Spider-Verse 2D FX Artist Slava Lightsoul on Learning VFX

animation interview vfx Jun 16, 2023
Spider-Verse 2D FX Artist Slava Lightsoul on Learning VFX - Featured

Slava is an amazing 2D FX animator and background artist. He talks to VFX Apprentice about his work on Across the Spider-Verse and his new 2D FX course.

This is super special for me because I got the chance to talk with Slava Lightsoul, an incredible effects artist who makes some of the most beautiful work that I know of. He's really insanely talented. He's also super humble and down to earth. You'll know his recent work on Spider-Man Across the Spider-Verse, which just came out and it's gorgeous and amazing. 


Slava's FX frames from Spider-Man: Across the Spider-Verse via Sony Pictures Animation.


Slava is also now one of our instructors, just finishing a new lesson series with us. Ignite just released in VFX Apprentice All Access. It's a seven-second short featuring our mascot Sparker from the original film Alight

 So without further ado, here is the man, the myth, the legend, Slava Lightsoul.



Jason Keyser: Hello, Slava. How you doing?

Slava Lightsoul: Hi, Jason. I'm doing pretty fine. It's a bit hectic, but it's okay.

JK: It's always hectic. So you just got finished on production with into the Spider-Verse two, which I know is a lot of work. You did some effects animation for that, and we've been in touch and known each other for a while before that.

So yeah, I just wanted to chat with you about how that went and your career in general getting up to this point and maybe give some people some ideas of how they might end up working on some cool stuff like you someday.

SL: Sounds good to me.

JK: During all that phase you were doing a lesson series with us. You were so busy. It's funny because you said you're busy now, but you just finished both the film work and the lesson work with us. How was that for you?

SL: It was stressful. It was very stressful because it wasn't just that. I was also doing feedbacks for the courses on the weekends for the students. So it is a lot of time and it does at times feels a bit too much, so probably shouldn't line up too many projects in advance.

JK: Yeah, in your courses, that's even with another site. So that third project that's separate from us. Oh yeah.

SL: Technically it's three projects. Thankfully not all of them exactly at the same time, but my weekends are like Sparker and recording feedbacks for students. My work days were spider-verse. So all the time is busy and all the remaining time is meeting up with friends, catching up with people, trying to say hello and stay active.

JK: Is that typical for your career over the years? Have you had more than one project? Usually at a time.

SL: I usually didn't have more than two, so that's kind of a tough sell, right now. And after that experience, I probably don't want to do that again. So two projects now is three. That's a bad idea. So now it's two projects is manageable. If one is like more personal, or more like on the weekend and stuff, and the main job. But three definitely is a stretch.

JK: Yeah, Yeah. I think it's funny because you know, a person like you with the skills that you have, a lot of people are going to want you to do work for them and they're going to have cool projects. And so it's hard to say no.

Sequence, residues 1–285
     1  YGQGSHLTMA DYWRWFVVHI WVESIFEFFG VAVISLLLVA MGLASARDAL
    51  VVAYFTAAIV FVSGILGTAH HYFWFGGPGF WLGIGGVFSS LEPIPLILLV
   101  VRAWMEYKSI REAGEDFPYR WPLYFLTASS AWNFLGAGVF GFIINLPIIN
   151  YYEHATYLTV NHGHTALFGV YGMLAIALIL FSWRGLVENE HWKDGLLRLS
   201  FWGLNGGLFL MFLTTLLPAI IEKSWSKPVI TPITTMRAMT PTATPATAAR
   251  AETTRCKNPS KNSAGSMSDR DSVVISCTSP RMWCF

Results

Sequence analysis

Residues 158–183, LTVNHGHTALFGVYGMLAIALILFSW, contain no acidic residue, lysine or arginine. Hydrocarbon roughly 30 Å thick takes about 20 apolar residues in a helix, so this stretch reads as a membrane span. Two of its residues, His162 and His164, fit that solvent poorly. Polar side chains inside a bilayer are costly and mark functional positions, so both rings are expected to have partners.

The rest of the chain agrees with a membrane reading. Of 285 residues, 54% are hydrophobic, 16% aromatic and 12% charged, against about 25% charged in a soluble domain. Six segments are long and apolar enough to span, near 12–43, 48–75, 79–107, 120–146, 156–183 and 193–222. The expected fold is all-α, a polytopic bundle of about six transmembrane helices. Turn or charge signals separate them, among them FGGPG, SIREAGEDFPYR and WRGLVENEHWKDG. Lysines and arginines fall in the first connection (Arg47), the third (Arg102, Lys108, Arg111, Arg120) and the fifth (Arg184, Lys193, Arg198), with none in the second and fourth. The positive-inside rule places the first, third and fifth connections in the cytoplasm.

SL: Yeah, it's always, Oh, but there is something more.

JK: Well, we're really we are really grateful that you put the time and love into the Sparker piece.


Ignite 2D FX series for VFX-A All Access. Members can watch here.


I mean, it just turned out so great. And, you know, people can go check that out on the site, of course, to see in the all access pass and we have a bunch of preview content for it. So yeah, thanks for doing that.

But then I really want to dive into like how you got here. A little bit about your story. You know what it was. What was your introduction to effects animation and how did you get started?

SL: So it's a long story, but long story short, I started pretty late, so I haven't been drawing since childhood, but I was more into crafting. I did like carving all this stuff, like anything with your hands. I probably did it. I wasn't good at it, but I tried a lot of other things and I only started drawing around like 16 and I also liked it and it's in creative, but I didn't start doing it seriously till 17 or 18. And then I set a goal as at, Oh, I think that's what I want to stick to. I want to stick to drawing, out of all the other creative outlets that I tried, this is probably the one that is going to keep me busy for a real long time.

And I really wanted to improve them. So I kind of set a goal for myself that no matter what I end up doing at Uni and I wasn't able to go to go to Art Uni because partially my parents weren't up to it since I haven't been interested in it and haven't been prepared at all. And also because there aren't as many like grants for our universities in general and the competition is pretty high.

But I'm not very I'm not regretting the decision to go into the arts field. So I actually started in like technical university doing information security or computer science stuff. And on the side every evening I spend drawing going through classes, going through online tutorials, and trying to really structure my learning. And I'm a general analytical person. So when I do stuff, I usually delve very deep into theory and how to practice better, things like how to structure it.

So initially I wanted to do environment concepts and background art, and this is still a thing that I do, but for more for myself. And the second thing that was interested in is anime and especially the sakuga community. So when I started drawing, it was the early stages of that community.